Thursday, June 14, 2012

What's love got to do with it?: Power and Mutuality

Evans and her "year of biblical womanhood"
Blogger Rachel Held Evans recently hosted a "Week of Mutuality" on her blog. In this series, she and others advocate for an egalitarian relationship between the genders in the church and the home, including abolishing separate roles in marriage. She makes a few fine points, especially that, too frequently, complementarians invoke the June Cleavers of the 1950s feminine mystique as the ideal instead of the Ruths or Tamars whose femininity is expressed through complete trust in God; however, I have noticed that the picture of authority given in Evans' posts belies a fundamental philosophical difference between egalitarians and complementarians that goes beyond disagreement about gender roles and feminism's contributions to society.

Throughout the Week of Mutuality, the most common accusation thrown at those who believe men are given special responsibility to lead their families and women are given special responsibility to follow is that they create a power-based hierarchy that cannot help but be oppressive. Evans criticized Russell Moore for embracing the word "patriarchy" because "For patriarchalists, the power struggle between men and women only ends when men win." Patriarchy, she argues, is a result of the Fall. God curses Eve for her disobedience with this: "Your desire will be for your husband, and he shall rule over you." Evans uses this as evidence that all male leadership is a result of the Fall. "It is within the context of judgment, not creation, that hierarchy and subjugation enter the story of man and woman," she writes, dismissing the narrative that, before the Fall, Eve was created as a helper fit for Adam. A power struggle began after the tree and now, in light of the coming restoration of the Kingdom, hierarchy should be abolished because of its perpetuation of sinful power dynamics.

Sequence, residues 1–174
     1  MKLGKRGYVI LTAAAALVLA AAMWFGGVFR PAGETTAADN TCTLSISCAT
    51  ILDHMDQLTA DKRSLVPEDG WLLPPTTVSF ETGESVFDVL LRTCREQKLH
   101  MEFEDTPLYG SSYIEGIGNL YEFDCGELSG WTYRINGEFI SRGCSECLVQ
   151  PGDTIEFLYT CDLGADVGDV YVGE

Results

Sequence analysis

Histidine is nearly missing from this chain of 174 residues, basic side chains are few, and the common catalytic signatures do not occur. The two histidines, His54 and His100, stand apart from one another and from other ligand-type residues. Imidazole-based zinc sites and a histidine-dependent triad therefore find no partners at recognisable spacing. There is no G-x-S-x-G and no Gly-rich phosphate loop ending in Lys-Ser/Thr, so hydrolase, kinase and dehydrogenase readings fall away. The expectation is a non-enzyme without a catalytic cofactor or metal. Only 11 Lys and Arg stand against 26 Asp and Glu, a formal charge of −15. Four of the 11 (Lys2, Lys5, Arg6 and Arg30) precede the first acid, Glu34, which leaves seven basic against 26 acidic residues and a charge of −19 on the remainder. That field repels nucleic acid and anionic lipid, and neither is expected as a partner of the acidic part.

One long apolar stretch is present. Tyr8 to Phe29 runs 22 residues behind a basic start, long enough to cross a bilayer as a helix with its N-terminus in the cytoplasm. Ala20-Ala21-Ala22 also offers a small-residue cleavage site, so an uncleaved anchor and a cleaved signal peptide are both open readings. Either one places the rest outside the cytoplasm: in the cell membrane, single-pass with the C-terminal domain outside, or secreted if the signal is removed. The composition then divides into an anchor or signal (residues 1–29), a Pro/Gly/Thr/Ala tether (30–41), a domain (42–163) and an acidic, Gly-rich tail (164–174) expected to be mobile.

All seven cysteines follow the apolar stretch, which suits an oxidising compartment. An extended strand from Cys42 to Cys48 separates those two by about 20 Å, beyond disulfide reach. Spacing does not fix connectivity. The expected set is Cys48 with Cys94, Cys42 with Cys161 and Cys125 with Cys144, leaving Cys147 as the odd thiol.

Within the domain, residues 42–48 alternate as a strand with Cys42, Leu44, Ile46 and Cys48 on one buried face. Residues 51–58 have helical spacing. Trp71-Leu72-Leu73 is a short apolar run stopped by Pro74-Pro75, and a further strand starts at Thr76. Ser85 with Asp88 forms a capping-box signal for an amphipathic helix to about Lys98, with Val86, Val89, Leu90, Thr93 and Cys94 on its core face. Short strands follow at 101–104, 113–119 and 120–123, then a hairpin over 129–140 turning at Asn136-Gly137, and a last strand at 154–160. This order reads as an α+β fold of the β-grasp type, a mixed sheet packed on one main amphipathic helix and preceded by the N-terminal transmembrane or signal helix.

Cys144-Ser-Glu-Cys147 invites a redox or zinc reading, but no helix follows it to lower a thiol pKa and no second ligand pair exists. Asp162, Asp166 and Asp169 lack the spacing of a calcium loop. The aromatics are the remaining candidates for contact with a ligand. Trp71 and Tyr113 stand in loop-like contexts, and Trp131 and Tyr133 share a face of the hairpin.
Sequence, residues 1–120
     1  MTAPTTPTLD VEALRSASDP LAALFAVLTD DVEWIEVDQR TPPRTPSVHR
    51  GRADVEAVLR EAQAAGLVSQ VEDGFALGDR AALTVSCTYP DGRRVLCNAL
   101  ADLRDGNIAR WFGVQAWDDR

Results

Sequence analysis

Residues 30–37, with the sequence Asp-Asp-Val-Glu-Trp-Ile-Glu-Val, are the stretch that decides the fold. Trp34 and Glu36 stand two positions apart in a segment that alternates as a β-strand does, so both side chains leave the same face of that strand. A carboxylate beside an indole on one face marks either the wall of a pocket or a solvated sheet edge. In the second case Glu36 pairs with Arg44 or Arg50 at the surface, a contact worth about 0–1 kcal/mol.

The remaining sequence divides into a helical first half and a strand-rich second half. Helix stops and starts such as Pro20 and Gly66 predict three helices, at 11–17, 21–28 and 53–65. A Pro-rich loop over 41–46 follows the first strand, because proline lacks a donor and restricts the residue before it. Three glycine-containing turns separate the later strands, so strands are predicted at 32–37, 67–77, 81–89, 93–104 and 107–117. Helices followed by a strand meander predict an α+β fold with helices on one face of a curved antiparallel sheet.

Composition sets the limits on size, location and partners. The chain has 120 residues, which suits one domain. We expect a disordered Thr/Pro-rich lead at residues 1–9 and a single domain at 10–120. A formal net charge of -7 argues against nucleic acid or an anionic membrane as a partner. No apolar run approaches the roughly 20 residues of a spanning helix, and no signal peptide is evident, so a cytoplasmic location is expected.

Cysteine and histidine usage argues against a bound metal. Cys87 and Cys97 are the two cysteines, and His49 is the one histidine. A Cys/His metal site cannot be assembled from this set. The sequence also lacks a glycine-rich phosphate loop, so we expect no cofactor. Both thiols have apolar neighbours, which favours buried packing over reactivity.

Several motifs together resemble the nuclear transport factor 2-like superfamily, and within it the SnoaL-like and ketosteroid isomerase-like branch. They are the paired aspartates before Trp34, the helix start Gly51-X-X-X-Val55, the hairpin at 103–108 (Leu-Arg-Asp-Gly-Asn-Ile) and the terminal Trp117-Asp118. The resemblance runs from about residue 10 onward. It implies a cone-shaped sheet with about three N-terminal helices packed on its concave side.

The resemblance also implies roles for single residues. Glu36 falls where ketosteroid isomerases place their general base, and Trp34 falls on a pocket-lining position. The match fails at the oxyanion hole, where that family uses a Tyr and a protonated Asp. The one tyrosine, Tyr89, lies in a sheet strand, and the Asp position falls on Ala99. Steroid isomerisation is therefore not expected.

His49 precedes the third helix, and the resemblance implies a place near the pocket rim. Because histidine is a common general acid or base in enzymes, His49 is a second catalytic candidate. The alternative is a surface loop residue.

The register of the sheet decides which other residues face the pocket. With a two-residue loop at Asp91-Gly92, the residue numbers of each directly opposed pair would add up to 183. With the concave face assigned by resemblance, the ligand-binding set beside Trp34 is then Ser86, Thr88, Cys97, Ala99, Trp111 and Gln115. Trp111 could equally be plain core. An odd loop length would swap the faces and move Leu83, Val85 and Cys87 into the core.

The question I want to explore here is whether the Christian view of authority can allow for equating hierarchy with power-based oppression.

Friday, June 1, 2012

Gifts, Lolo, and Covenant Love

Lolo Jones interviews with Bryant Gumbel
On Thursday, Emily Shire wrote an article on Slate commenting on Olympian "Lolo" Jones' announcement that, at age 29, she is still keeping her virginity for her future husband. It was insufferably condescending ("If it’s what she wants, I hope Jones will give her future husband her virginity. But she should keep the 'medals' for herself." Really??and I don't understand many pop-feminists' double standard of worshipping choice when it comes to women's decisions unless said choice approaches something resembling pre-sexual revolutionary norms.

This part of the article especially perturbed me:
If virginity is commodified into the “perfect gift,” it becomes about a woman pleasing a man rather than herself, and it is difficult to picture the determined and forceful Jones being that submissive in any other aspect of her life.
Shire's comments betray a broader idea that sex is primarily about personal, private pleasure: nothing more.